Vesalius: the true face of anatomy

Donatella Lippi
University of Florence, Italy

Luigi Padeletti
University of Florence, Italy (Summer 2014)

 

Copper plate paper from Remmelin’s
Catoptrum by Lucas Killian

New York Academy of Medicine

The only unquestionably life-portrait of Vesalius’ is the wood-cut which finds its place in the frontispieces of both editions of the Fabrica1 in German and Latin editions of the Epitome,2 as well as in the 1546 Letter on the China Root.3 This portrait was done by Jan Stephan van Calcar (1499-1546), one of Titian’s pupils, and it can be considered the touchstone of all the subsequent Vesalius’ portraits.

Starting from this prototype, artists have sought to reproduce Vesalius’ features usually as those of a popular hero, according to their own emotional response and style.

Even if many of these portraits belong to the categories of fakes and frauds, the presence of Vesalius’ portrait in scientific books could provide a sort of guarantee of the correctness of the anatomical content, a sort of a seal of validity.

In 1613, for instance, the Augsburg engraver Lucas Kilian (1579–1637) produced a set of three broadsheets of human anatomy, which represent the most intricate early examples of interactive prints, known as “fugitive sheets” or “flap anatomies”: the use of these printed flaps began in the 16th century, and were primarily printed in Germany. It is thought that they were used by barbers and surgeons as reference guides: these publications invite the viewer to participate in virtual autopsies through the process of unfolding their movable leaves, simulating the act of human dissection.

Kilian’s work features three full-page plates with dozens of detailed anatomical illustrations superimposed so that lifting the layers shows the anatomy as it would appear during dissection: eight prints of the plates were produced then cut apart and pasted together to form the layers. While Kilian was the engraver of these broadsheets, the designer of the anatomical content was a medical doctor, Johann Remmelin (1583-1632).

The plates were printed in 1613, and the text without the plates was printed the following year, both without the consent of the author. The first authorized edition was printed in Latin in 1619 with the title Catoptrum Microcosmicum.4 These original plates seem to have fallen into the hands of a Veronese book-dealer who used them for speculation, asserting that he had obtained possession of the plates from the anatomist Piccolomini, and published them as a posthumous work of Piccolomini.5

The first of the three Kilian/Remmelin’s sheets (Visio prima) shows a male and a female figure, modelled after Albrecht Dϋrer’s 1504 Adam and Eve; the second and third vision show larger scale image of Adam and Eve, each standing on a skull with its own flaps.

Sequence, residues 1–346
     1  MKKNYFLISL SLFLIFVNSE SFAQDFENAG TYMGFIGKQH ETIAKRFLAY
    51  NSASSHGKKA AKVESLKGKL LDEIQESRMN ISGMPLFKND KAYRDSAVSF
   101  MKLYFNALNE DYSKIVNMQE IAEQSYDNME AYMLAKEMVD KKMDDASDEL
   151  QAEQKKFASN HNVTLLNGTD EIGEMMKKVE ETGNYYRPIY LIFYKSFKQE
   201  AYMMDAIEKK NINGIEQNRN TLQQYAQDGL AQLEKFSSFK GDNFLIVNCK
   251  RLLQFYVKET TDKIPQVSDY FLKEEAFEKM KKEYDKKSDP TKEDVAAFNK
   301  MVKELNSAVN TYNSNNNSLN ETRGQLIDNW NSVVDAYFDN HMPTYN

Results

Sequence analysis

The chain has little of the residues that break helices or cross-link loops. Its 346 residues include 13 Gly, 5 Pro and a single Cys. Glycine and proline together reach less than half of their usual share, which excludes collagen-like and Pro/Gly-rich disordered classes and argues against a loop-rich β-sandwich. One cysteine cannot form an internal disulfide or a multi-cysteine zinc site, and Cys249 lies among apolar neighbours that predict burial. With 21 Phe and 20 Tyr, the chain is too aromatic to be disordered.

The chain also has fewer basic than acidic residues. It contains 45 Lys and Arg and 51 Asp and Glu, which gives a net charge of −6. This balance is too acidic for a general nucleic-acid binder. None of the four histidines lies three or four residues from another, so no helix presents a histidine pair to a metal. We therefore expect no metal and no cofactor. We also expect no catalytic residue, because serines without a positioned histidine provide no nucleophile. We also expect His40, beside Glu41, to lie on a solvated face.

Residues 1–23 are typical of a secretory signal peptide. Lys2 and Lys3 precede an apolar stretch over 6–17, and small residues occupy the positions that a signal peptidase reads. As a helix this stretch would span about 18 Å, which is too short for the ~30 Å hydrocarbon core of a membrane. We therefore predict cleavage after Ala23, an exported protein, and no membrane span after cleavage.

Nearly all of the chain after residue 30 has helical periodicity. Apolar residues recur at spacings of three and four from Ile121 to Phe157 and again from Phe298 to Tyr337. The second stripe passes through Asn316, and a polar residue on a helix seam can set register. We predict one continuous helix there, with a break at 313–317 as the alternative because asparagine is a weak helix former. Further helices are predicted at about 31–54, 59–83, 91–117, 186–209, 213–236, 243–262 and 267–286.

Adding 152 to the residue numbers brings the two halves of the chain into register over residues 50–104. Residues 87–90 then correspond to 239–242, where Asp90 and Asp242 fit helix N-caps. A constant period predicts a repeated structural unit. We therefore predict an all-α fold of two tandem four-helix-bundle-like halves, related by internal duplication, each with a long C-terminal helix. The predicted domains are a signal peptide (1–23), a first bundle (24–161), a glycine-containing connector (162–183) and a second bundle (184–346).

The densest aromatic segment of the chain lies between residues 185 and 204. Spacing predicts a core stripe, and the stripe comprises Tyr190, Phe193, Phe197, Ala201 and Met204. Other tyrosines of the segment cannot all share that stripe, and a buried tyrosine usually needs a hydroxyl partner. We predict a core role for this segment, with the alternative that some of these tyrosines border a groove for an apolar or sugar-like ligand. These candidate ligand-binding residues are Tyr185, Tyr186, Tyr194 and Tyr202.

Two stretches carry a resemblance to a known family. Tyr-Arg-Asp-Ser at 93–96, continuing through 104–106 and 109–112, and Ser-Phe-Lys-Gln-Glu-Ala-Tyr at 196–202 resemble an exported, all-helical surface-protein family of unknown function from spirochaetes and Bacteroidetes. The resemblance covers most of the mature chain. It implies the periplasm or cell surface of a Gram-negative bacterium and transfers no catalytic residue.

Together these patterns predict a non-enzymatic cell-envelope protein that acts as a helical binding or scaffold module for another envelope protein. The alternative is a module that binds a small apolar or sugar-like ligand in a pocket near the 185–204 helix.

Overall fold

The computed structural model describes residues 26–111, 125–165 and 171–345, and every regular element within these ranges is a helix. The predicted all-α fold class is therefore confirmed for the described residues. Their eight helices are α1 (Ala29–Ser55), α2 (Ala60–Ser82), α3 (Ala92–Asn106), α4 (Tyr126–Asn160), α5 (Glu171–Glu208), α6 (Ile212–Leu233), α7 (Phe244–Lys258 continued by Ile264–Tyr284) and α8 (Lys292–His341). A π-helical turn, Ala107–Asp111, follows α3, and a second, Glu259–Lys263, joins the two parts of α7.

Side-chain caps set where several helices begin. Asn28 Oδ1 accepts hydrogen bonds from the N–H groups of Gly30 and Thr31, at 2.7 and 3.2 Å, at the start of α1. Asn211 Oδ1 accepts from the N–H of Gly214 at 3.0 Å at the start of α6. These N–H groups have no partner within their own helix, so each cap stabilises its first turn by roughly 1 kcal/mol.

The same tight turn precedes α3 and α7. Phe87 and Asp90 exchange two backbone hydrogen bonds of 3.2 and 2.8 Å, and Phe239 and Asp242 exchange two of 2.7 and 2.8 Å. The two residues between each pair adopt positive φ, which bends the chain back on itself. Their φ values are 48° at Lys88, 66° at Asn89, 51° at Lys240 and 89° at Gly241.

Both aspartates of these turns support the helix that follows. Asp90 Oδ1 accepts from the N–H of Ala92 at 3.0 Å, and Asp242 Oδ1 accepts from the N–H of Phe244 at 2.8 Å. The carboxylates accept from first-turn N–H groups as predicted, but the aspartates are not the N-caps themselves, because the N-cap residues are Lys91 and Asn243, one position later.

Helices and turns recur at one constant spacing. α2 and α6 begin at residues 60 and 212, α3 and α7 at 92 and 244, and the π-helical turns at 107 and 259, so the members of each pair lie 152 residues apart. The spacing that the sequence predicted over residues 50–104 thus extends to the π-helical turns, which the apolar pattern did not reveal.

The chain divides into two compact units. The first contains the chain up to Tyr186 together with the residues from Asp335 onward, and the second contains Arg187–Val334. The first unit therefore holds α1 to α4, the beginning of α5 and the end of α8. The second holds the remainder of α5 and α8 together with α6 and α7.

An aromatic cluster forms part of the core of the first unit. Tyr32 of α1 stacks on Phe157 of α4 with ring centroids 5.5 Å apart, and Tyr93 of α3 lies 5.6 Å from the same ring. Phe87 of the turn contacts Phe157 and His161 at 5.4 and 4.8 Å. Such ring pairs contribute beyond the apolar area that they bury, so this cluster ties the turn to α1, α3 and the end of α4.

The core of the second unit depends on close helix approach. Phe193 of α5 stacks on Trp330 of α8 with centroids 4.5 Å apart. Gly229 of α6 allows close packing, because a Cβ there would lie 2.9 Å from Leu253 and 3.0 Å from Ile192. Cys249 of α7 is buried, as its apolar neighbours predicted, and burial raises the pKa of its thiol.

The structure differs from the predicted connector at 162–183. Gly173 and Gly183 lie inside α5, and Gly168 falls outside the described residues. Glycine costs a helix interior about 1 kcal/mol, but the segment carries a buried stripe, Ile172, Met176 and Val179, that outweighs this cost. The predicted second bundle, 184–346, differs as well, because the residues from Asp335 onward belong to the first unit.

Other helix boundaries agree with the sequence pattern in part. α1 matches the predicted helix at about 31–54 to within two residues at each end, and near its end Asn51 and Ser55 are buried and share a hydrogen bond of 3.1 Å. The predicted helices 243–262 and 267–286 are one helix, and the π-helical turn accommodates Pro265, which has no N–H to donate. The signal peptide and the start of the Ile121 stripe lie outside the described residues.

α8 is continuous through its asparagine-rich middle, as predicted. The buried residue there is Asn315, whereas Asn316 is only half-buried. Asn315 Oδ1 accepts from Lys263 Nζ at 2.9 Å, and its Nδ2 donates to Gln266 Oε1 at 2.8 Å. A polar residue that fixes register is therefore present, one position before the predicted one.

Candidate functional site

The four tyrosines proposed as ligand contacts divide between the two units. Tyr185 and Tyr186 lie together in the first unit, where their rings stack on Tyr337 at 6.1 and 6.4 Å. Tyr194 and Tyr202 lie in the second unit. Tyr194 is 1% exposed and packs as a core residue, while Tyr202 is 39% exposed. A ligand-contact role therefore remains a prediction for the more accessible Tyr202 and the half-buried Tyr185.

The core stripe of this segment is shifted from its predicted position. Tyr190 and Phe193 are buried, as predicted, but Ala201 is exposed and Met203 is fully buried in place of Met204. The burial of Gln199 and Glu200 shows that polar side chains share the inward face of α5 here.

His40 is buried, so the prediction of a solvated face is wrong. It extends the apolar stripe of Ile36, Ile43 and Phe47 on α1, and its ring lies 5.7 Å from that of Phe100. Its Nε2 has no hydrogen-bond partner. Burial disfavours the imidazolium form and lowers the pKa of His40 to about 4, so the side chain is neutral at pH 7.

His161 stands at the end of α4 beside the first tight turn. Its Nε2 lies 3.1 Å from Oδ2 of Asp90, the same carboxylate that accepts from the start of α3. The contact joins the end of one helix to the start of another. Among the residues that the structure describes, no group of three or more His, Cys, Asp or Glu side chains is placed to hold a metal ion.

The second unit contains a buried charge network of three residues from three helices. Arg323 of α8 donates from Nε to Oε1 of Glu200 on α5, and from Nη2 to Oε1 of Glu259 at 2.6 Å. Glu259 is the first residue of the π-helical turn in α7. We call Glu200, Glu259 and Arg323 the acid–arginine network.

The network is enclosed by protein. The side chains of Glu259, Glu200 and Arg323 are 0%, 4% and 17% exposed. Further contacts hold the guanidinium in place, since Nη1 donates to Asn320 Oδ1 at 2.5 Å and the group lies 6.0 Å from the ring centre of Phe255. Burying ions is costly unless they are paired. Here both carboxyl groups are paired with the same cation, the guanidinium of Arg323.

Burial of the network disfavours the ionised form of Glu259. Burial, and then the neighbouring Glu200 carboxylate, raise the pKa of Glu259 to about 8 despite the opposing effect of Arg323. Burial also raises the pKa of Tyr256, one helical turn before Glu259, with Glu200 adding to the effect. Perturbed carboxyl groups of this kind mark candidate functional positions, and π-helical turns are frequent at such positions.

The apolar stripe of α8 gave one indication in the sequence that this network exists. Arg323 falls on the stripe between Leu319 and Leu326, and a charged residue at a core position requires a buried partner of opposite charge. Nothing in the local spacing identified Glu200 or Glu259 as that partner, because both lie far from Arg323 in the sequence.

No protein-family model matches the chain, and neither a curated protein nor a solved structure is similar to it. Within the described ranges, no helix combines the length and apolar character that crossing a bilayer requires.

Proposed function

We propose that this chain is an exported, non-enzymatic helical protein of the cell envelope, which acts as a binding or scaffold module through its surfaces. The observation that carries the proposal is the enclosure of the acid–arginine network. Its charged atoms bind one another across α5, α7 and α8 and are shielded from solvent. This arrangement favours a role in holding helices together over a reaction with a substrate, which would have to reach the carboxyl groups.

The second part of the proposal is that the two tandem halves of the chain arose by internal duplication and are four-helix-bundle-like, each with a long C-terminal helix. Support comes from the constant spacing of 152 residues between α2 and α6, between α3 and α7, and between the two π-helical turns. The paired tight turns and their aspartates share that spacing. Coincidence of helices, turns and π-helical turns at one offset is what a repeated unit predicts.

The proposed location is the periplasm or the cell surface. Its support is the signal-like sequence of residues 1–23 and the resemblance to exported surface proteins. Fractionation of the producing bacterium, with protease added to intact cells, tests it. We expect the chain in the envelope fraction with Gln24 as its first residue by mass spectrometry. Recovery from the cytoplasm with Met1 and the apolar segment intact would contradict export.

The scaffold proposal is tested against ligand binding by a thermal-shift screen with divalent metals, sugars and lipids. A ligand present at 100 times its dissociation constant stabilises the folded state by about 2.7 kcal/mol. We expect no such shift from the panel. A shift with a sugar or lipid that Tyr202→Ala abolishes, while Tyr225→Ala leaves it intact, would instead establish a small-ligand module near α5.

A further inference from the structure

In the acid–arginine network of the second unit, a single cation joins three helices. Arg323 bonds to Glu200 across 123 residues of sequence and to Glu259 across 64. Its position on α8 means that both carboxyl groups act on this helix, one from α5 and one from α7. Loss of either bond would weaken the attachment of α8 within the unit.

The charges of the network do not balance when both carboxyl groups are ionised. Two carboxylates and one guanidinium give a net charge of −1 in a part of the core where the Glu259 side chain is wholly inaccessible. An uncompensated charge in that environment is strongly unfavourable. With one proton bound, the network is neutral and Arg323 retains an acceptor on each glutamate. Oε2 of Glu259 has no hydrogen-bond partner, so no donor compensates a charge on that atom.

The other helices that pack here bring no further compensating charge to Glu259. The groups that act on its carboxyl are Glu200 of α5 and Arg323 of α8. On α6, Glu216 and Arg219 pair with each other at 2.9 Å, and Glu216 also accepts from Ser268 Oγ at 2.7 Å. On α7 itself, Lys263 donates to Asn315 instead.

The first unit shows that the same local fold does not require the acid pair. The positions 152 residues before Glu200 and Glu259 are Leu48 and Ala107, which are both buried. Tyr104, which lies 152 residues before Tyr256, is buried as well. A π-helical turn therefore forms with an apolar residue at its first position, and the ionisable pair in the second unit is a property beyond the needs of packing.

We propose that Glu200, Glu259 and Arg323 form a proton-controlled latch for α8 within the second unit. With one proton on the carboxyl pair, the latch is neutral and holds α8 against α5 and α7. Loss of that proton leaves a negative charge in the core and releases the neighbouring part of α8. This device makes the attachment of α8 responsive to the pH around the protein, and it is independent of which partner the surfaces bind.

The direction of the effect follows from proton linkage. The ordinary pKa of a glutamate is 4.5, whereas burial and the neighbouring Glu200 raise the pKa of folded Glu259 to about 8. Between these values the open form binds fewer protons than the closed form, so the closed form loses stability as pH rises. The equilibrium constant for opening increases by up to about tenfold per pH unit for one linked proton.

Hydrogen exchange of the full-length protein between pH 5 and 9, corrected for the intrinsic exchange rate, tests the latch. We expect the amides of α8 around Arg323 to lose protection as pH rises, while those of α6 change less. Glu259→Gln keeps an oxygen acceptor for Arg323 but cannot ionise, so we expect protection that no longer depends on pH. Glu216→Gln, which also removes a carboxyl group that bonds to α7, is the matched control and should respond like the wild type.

Adam demonstrates the workings of the heart on the left-hand side: upon the naked body, the head of Vesalius, three-quarter view, is set. (Fig. 1)

Vesalius has a wide face, with a high open forehead and with emphasized protuberance of the frontal prominence and brows.

The thick-lipped mouth is bordered by a full moustache, horizontal in direction of its growth. The beard of medium length and thickness with sideburns, sweeping down to a point, is the typical Stiletto beard. The thickening of the right eyebrow conceals the small wart, which occurs in Calcar’s prototype.

Kilian’s engraving can be therefore considered an attempt to reproduce a copy of Calcar’s portrait of Vesalius in the Fabrica, with the same sly smiling expression: the reason of the occurrence of Vesalius’ features in Remmelin’s Catoptrum is therefore, at the same time, Remmelin’s captatio benevolentiae (striving for benevolence), the proof of Vesalius’ popularity and a tribute of devote appreciation to the Father of Anatomy itself.

References

  1. Andreae Vesalii Bruxellensis, scholae medicorum Patavinae professoris, de Humani corporis fabrica Libri septem, Basileae: [ex officinal Ioannis Oporini], [Anno salutis reparatae 1543]
  2. Andreae Vesalii…suorum de humani corporis fabrica epitome. Basileae: ex officina J. Oporinus, 1543.
  3. Andreae Vesalii Bruxellensis, medici Caesarei, Epistola, rationem modumque propinandi radicis Chymae decocti …Venetiis: Comin da Trino, 1546.
  4. Archangeli Piccolomini Anatome integra, revisa, tabulis explanata et iconibus mirificam humani corporis fabricam, ad ipsum naturae archetypum exprimentibus, cum praefatione et emendatione Joann. Fantoni, Veronae, sumptib. Gabrielis Julii de Ferrariis, 1754, fol.
  5. Remmelin Johann (1583-1632), Catoptrum microcosmicum, suis aere incisis vistionibus splendens, cum historia & pinace, de nouo prodit. Augustae Vindelicorum [Augsburg]: Typis Dauidis Francki, 1619.

 


 

DONATELLA LIPPI, PhD, is a professor of the history of medicine and a scholar of Classics whose focus is the history of medicine, archaeology, archivistics, and bioethics. A visiting professor at many foreign universities, she is the Vice-President of the Italian Society for the History of Medicine. She is also author of more than 300 scientific publications, many of which have been published in international journals. She is the president of the Centre of Medical Humanities of the University of Florence.

LUIGI PADELETTI, MD, is a full professor of cardiology, Director of the Postgraduate School of Cardiology at the University of Florence (Italy), and the president of the Italian Heart Rhythm Society.

 

Hektorama  |  Anatomy